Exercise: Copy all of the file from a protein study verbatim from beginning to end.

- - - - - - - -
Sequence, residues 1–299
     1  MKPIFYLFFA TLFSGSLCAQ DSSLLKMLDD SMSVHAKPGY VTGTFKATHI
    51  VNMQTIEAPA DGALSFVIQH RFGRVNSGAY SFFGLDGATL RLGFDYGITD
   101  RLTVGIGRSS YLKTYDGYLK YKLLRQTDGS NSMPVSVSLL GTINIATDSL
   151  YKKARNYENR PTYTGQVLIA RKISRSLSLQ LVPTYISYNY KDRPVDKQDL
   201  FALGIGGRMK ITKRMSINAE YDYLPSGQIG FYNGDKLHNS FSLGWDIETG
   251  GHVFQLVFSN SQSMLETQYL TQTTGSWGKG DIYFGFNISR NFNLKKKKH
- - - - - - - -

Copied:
Sequence, residues 1–299
     1  MKPIFYLFFA TLFSGSLCAQ DSSLLKMLDD SMSVHAKPGY VTGTFKATHI
    51  VNMQTIEAPA DGALSFVIQH RFGRVNSGAY SFFGLDGATL RLGFDYGITD
   101  RLTVGIGRSS YLKTYDGYLK YKLLRQTDGS NSMPVSVSLL GTINIATDSL
   151  YKKARNYENR PTYTGQVLIA RKISRSLSLQ LVPTYISYNY KDRPVDKQDL
   201  FALGIGGRMK ITKRMSINAE YDYLPSGQIG FYNGDKLHNS FSLGWDIETG
   251  GHVFQLVFSN SQSMLETQYL TQTTGSWGKG DIYFGFNISR NFNLKKKKH